C.S. Lewis was a scholar abundantly acquainted with literary pride. He was also a Christian saint (in that biblical sense wherein it applies to all who place their faith in Jesus). As a disciple of Christ, Lewis recognized pride is toxic.

He wrote much about the subjects of pride and humility. Among his wisdom on the subject, is the observation that we must not allow our circumstances to shape our character in negative ways. In “Williams and the Arthuriad,” he illustrates this by discussing different sorts of roles in a play. His comment about “false modesty” is particularly astute.

What but to thank God for the “excellent absurdity” which enables us, if it so happen, to play great parts without pride and little ones without dejection, rejecting nothing through that false modesty which is only another form of pride, and never, when we occupy for a moment the centre of the stage, forgetting that the play would have gone off just as well without us . . .

Lewis also offers an antidote to pride. One that well suits the title of this column. “If anyone would like to acquire humility, I can, I think, tell him the first step. The first step is to realise that one is proud. And a biggish step, too. At least, nothing whatever can be done before it. If you think you are not conceited, it means you are very conceited indeed.” (Mere Christianity)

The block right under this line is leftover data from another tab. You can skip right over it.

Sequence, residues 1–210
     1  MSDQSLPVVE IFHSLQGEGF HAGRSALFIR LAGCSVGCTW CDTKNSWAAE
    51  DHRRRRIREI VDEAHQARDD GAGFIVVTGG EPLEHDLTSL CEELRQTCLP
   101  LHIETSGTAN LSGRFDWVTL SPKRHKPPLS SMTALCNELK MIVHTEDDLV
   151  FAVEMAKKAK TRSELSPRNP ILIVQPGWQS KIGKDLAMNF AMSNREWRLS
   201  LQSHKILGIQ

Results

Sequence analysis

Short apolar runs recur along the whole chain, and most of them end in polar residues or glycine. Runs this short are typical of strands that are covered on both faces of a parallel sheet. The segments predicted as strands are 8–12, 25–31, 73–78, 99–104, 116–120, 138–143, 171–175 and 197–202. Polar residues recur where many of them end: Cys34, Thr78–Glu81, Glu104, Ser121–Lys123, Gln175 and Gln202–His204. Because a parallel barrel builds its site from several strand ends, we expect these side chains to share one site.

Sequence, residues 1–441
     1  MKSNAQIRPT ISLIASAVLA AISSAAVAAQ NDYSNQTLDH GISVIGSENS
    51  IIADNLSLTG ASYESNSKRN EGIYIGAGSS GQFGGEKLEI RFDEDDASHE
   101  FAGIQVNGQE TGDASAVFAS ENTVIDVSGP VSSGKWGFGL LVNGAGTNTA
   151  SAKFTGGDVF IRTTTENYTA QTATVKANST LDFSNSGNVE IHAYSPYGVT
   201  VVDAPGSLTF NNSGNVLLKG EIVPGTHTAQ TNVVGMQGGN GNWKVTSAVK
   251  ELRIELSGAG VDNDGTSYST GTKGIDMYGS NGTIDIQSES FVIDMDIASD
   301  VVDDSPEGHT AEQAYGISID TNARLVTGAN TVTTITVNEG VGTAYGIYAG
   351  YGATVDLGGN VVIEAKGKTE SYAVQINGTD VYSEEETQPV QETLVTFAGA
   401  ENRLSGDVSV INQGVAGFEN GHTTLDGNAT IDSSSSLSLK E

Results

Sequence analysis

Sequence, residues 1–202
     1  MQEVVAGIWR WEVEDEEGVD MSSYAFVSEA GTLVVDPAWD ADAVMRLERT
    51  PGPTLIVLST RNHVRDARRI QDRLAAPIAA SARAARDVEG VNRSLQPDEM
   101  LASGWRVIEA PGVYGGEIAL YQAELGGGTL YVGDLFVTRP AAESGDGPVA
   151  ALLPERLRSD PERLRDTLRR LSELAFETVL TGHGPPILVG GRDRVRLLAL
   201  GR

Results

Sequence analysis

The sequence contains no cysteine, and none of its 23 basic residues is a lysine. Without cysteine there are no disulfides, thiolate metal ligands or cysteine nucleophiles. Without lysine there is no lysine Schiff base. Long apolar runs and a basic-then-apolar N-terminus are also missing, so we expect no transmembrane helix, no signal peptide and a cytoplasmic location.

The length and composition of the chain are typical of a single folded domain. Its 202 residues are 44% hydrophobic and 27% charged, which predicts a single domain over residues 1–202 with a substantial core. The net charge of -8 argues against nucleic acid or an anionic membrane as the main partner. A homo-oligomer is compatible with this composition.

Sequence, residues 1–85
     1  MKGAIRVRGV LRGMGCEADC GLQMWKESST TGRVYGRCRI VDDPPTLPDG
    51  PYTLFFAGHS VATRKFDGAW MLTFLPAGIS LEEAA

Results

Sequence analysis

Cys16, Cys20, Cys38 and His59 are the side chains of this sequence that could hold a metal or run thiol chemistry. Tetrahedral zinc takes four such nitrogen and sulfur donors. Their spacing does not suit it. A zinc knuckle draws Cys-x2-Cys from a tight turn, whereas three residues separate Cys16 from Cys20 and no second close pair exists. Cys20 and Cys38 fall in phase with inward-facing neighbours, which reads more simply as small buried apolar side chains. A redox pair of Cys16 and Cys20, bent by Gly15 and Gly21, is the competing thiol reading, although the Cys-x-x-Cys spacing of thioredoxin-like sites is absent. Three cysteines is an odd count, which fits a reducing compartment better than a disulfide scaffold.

A 500 Year Old Prescription

Nearly a half millennia ago, Martin Luther reluctantly allowed his writings to be gathered together into a collection, for which he wrote a preface. It was that introduction I recently encountered.

He elaborates on the proper way to study theology, based on principles in Psalm 119. After reminding readers that we must possess humility to submit ourselves to God’s word, he tacks on a vivid warning. It is quintessential Luther.

These words apply not only to theologians, or even to those addressing “religious” subjects. They should be of interest to all who consider themselves writers.